We exploit the fact we have a daily measure of news sentiment and examine how this sentiment measure changes in the days around monetary policy announcements. The identification strategy rests on the assumption that we can minimise the potential effect of any omitted variables by focusing on a narrow time window around monetary policy decisions. For instance, it is plausible that any change in news sentiment that occurs on the day after the monetary policy announcement will be due to changes in monetary policy and not to its actual effect on the economy. A similar identification strategy is developed by Lewis, Makridis and Mertens (2019) to identify the effect of monetary policy on consumer sentiment in the United States.

We estimate the response of daily changes in news sentiment to monetary policy shocks in a narrow window of time around RBA board meetings through local projections. Specifically, we estimate the following equation:

(2) NS I t+h NS I t1 = c h + β h s t + t+h

where NSIt+h denotes the news sentiment index on day t, NSIt−1 is the value of the index on the day prior to the announcement and st is the monetary policy shock.[9] We estimate the equation by ordinary least squares for each daily horizon h in a range of 3 days before and 10 days after the monetary policy shock. The resulting series of coefficient estimates gives us the conditional average NSI relative to the average value for the day before the monetary policy announcement.

Given the daily volatility in the NSI we also consider smooth local projections:

(3) NS I t+h NS I t1 =c+I( h=0 ) β 0 s t +I( h>0 )( γ 1 + γ 2 h+ γ 3 h 2 ) s t + t+h

where all variables are as before, except that an indicator function is included for whether the projection horizon is equal to zero (I(h = 0)) or greater than zero (I(h > 0)).[10]

In gauging the effect on sentiment, we consider several alternative monetary policy shock estimates. First, we look at Romer and Romer-style estimates for Australia that are sourced (and updated) from Bishop and Tulip (2017) and Beckers (2020). Second, we consider monetary policy shocks that are identified in high-frequency event studies by isolating the surprise component of a change in monetary policy using changes in market interest rates (e.g. Kearns and Manners 2006). The interest rate surprise is calculated as the change in the 1-month overnight indexed swap rate (OIS) from the close of the day prior to the close of the day of the monetary surprise.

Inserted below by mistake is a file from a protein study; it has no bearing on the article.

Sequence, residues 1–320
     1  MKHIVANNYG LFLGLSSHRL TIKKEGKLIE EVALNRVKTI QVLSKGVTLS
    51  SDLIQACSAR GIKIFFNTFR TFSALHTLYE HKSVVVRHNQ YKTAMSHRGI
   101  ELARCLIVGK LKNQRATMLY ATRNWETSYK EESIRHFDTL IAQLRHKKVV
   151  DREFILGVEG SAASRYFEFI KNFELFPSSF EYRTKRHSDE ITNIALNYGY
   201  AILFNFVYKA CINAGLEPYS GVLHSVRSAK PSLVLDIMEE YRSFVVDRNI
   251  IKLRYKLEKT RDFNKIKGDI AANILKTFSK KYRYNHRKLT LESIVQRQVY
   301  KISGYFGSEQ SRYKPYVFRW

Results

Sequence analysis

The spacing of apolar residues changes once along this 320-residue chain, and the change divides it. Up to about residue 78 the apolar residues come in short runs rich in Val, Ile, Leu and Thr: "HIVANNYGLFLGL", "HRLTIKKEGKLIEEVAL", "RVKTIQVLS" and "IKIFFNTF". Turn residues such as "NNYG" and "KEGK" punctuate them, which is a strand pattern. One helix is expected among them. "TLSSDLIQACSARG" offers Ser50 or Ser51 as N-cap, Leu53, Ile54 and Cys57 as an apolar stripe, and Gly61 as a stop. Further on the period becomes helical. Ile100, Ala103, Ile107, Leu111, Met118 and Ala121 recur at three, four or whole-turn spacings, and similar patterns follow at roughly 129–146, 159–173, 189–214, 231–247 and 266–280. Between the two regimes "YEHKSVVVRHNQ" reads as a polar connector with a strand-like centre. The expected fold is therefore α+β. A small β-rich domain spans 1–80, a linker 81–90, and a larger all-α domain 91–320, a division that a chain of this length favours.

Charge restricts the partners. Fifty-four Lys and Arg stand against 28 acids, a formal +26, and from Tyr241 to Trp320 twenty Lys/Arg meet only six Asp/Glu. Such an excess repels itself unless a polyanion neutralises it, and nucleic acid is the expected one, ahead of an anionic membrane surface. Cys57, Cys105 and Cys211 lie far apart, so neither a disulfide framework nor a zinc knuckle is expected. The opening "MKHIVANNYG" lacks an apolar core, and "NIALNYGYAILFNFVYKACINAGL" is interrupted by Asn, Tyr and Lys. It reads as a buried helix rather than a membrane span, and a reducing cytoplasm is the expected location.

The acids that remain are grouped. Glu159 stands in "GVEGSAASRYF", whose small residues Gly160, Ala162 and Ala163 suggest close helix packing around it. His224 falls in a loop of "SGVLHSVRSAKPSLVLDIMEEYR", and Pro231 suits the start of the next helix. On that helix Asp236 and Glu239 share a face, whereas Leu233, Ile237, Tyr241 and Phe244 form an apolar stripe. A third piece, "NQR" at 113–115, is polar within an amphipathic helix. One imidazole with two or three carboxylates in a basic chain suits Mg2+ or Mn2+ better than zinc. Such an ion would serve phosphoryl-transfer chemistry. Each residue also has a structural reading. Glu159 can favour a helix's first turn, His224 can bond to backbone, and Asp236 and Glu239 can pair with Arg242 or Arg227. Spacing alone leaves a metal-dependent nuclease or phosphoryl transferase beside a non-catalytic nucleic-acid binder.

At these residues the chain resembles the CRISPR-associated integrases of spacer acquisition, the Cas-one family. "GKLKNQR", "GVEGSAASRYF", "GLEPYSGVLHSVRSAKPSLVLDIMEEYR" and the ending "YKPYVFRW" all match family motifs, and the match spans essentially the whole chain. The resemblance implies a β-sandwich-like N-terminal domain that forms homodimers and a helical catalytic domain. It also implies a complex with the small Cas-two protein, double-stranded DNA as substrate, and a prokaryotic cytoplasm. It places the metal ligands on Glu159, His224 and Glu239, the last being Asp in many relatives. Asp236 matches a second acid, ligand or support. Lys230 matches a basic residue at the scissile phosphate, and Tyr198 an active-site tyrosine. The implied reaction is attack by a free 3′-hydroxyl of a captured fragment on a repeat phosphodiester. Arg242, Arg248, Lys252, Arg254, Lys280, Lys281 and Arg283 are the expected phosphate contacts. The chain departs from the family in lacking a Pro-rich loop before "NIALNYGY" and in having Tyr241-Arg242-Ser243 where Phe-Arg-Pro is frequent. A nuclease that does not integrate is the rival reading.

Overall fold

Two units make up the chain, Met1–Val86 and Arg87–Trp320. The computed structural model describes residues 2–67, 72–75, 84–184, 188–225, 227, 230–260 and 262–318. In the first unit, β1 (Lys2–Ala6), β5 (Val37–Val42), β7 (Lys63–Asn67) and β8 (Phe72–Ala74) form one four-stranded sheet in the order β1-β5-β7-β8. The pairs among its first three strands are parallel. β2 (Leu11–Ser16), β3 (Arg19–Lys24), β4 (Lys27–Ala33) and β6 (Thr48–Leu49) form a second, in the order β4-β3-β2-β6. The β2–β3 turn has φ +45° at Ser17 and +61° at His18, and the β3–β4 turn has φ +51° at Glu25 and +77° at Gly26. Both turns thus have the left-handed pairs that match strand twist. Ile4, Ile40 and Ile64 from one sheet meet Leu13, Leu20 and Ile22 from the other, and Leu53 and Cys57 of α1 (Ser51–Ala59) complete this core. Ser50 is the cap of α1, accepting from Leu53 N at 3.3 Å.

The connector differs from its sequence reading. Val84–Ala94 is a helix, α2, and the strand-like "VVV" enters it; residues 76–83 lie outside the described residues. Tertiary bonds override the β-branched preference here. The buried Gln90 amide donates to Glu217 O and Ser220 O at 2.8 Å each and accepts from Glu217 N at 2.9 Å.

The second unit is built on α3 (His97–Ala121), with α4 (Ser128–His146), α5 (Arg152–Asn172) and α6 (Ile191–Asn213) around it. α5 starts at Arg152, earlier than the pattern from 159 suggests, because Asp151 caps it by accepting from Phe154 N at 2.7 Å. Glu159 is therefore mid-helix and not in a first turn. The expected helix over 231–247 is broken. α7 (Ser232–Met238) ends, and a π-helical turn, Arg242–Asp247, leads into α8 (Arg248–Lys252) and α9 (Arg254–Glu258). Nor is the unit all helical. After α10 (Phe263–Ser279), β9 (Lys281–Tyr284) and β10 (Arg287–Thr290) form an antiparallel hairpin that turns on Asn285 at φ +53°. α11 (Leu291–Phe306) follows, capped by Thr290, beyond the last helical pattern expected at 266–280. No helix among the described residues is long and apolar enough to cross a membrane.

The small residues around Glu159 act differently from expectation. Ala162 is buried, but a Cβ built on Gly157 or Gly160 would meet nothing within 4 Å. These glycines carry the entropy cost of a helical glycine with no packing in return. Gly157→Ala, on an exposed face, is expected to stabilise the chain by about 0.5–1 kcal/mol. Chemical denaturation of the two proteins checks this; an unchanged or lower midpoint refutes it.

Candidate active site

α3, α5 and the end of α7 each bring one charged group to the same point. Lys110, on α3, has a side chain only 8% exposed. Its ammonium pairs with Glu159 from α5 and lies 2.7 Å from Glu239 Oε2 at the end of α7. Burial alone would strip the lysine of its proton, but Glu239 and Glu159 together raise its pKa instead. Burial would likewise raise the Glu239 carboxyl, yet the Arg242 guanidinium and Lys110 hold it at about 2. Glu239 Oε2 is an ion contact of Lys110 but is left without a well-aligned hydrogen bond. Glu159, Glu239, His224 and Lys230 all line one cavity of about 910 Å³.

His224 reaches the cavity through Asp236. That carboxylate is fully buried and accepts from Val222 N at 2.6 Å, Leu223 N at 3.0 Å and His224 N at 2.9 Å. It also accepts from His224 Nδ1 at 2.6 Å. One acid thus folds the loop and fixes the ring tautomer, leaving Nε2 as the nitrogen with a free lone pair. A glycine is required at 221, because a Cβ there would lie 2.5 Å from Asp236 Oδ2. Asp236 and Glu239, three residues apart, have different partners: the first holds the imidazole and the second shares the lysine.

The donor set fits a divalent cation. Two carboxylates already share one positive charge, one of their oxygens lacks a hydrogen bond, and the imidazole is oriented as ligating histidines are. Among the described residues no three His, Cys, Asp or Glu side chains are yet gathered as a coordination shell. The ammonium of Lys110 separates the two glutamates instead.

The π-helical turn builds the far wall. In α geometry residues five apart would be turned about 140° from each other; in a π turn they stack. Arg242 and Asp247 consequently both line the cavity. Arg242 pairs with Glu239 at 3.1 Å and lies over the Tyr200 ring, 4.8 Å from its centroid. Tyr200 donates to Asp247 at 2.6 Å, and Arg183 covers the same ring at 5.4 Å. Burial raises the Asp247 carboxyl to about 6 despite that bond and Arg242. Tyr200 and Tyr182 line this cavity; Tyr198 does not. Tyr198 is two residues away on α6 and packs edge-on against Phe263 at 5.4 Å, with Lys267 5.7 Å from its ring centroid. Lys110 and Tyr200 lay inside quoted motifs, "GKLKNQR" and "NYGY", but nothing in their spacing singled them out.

The local projection estimates indicate that an unexpected tightening of monetary policy of 100 basis points is associated with news sentiment declining by about one-half of a standard deviation in the days just after the policy announcement, irrespective of the policy shock measure used (Figure 12). The effect is not particularly strong given that a typical monetary policy shock will be much smaller at around 10 to 20 basis points. The relatively small economic effects of monetary policy on economic activity indicators, such as sentiment, is common when using high-frequency shocks (Nakamura and Steinsson 2018b). The effect is consistently negative for at least two weeks after the announcement for both the Bishop and Tulip (2017) and the Beckers (2020) shock (left-hand and middle panels of Figure 12). In contrast, in the case of the 1-month OIS series, the effect of the shock on sentiment is not significantly different from zero (right-hand panel of Figure 12). At the very least, we find little evidence that falling interest rates cause lower sentiment as measured in the news media.[11]

Figure 12: Effect of Monetary Policy Shocks on News Sentiment
Figure 12: Effect of Monetary Policy Shocks on News Sentiment

Notes: Effect of a 100 basis point shock to monetary policy; solid lines show smooth local projections, dashed lines show non-smoothed local projections; shaded areas are 90 per cent confidence intervals; standard errors are robust

Sources: Authors' calculations; Beckers (2020); Bishop and Tulip (2017); Dow Jones Factiva


The Beckers (2020) shock captures non-systematic changes in the cash rate accounting for the RBA's forecasts and credit spreads. [7]

After a cash rate increase, the term ‘crisis’ often appears as a reference to the post-crisis economic recovery. Following a cash rate decrease, the term ‘crisis’ often appears in articles discussing the crises related to the Australian bushfires and COVID-19 pandemic in 2020. [8]

Many news articles on the day of the monetary policy announcement are actually written the night before. Unfortunately, we are not able to separately identify these articles. [9]

Unlike the fully non-parametric projections, the smooth local projections estimate the responses at all horizons simultaneously. [10]

The relationship between unexpected changes in monetary policy and news sentiment is not affected by the presence of widely-reported economic releases in the week of the monetary policy decision. We find very similar effects in the weeks in which the national accounts, inflation and labour force statistics are released.[11]